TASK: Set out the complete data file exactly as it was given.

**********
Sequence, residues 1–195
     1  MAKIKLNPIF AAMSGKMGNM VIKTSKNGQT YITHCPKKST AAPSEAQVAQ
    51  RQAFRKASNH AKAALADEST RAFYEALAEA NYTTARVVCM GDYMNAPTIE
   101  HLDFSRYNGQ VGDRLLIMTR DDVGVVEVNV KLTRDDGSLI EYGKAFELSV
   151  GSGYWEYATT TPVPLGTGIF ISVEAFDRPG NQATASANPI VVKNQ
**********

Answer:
Sequence, residues 1–195
     1  MAKIKLNPIF AAMSGKMGNM VIKTSKNGQT YITHCPKKST AAPSEAQVAQ
    51  RQAFRKASNH AKAALADEST RAFYEALAEA NYTTARVVCM GDYMNAPTIE
   101  HLDFSRYNGQ VGDRLLIMTR DDVGVVEVNV KLTRDDGSLI EYGKAFELSV
   151  GSGYWEYATT TPVPLGTGIF ISVEAFDRPG NQATASANPI VVKNQ